Similar to the autoimmune disease mechanism, cancer cells proliferate as a result of immune system signal interference with the MHCII receptor. As with autoimmune disease, this signal interference can result from the presence of the "self" peptide CLIP in the MHCII receptor, that effectively camouflages the cancerous cell as a "self" cell, protecting the cancerous cell from recognition by the immune system, and protecting the cancerous cell from T cell activation that could result in recognition and destruction of the cancer cell.
Treatment with our patented KEN1 drug therapy displaces CLIP from the MHCII signaling mechanism, re-establishing "normal" antigen presentation and restoring the immune system's ability to identify and kill unwanted cancer cells as if they were the equivalent of a typical infected or damaged cell.
A major advantage of KEN1 in the treatment of cancer over other immunotherapies is the narrow targeting of KEN1 to CLIP-positive MHCII cells, focusing T cell activation only against unwanted, CLIP-positive cells, rather than the broader population of properly functioning B cells. As a result, KEN1 therapy will not impair proper B cell function, trigger excessive T cell activation, or otherwise weaken or suppress the patient's desired immune response mechanisms.
An injury causes an innate immune response that is characterized by inflammation and expansion of cellular players that “gear up” to a more selective attack that occurs during the second phase, adaptive immunity. An example of this type of response occurs after traumatic brain injury (TBI). Our work, and the work of others, has shown that TBI causes an expansion of pro-inflammatory cells. In our model of TBI in animals, treatment with KEN1 immediately after the injury prevents the neurodegeneration that would normally cause severe symptoms after brain trauma. While this work is in its early stages, KEN1 could offer great promise for treating the syndromes that occur after brain trauma or other diseases where neurodegeneration causes pathology.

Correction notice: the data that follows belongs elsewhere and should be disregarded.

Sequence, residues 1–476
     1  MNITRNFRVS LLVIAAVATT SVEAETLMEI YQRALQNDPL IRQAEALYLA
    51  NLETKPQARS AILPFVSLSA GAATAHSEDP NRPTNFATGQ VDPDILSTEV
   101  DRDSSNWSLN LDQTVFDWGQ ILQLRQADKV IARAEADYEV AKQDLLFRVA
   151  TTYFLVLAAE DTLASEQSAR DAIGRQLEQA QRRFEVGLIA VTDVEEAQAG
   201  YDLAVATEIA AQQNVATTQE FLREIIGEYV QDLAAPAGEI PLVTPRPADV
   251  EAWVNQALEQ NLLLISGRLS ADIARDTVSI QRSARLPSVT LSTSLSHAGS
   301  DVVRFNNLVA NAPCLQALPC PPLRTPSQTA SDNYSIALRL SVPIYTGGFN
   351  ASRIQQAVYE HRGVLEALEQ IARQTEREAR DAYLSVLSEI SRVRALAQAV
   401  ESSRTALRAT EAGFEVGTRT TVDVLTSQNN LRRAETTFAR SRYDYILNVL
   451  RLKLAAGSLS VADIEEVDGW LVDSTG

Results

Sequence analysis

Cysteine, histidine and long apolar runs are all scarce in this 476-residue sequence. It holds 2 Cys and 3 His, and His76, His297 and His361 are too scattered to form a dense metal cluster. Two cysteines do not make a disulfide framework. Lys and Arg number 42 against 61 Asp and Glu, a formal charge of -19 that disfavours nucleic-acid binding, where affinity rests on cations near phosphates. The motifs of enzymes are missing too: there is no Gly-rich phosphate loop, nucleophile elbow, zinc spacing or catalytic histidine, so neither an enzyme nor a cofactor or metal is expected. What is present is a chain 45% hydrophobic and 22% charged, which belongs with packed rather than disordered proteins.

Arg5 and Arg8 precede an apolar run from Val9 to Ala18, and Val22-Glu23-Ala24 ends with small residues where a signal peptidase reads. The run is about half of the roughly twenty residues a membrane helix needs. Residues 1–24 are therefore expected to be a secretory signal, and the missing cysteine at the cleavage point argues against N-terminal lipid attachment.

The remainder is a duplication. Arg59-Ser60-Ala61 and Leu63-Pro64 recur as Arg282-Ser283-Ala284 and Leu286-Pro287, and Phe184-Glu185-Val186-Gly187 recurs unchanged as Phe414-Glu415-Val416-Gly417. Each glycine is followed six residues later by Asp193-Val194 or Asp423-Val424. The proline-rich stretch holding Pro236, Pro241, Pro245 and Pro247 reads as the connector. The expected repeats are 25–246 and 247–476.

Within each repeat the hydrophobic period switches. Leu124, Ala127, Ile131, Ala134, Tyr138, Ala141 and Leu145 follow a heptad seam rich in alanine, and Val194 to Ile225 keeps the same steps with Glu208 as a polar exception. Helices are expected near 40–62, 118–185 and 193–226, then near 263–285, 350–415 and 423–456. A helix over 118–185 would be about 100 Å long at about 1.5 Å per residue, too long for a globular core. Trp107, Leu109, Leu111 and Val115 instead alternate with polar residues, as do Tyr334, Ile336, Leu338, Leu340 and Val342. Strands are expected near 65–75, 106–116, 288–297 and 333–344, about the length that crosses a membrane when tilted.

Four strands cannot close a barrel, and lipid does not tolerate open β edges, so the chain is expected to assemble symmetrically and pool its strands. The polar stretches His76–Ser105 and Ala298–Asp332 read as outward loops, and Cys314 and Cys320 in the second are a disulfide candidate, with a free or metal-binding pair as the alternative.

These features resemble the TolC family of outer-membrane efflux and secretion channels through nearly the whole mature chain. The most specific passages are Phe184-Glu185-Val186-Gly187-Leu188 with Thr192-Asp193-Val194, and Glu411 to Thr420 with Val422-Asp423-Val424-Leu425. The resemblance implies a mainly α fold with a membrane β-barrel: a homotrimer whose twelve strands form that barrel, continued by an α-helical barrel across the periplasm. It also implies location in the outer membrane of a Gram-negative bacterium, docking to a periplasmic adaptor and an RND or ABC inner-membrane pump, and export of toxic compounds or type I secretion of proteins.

Although a new Company, the "deep roots" of BCell Solutions, Inc., result from decades of collaboration between and among our Founders and leading scientists and entrepreneurs around the world. The time and dedication of a very diverse team is the platform upon which we have built our Public Benefit Corporation, recently formed to launch and implement our BioMoonshot to commercialize KEN1. The list of scientific collaborators and research institutions involved, directly and indirectly, in our BioMoonshot is long, and spans many decades of passionate research and exploration to unlock the nuances of the human immune system. In addition to the historical and on-going contributions of our various colleagues in the scientific and business communities, the BCell Solutions BioMoonshot is directed by a diverse management team: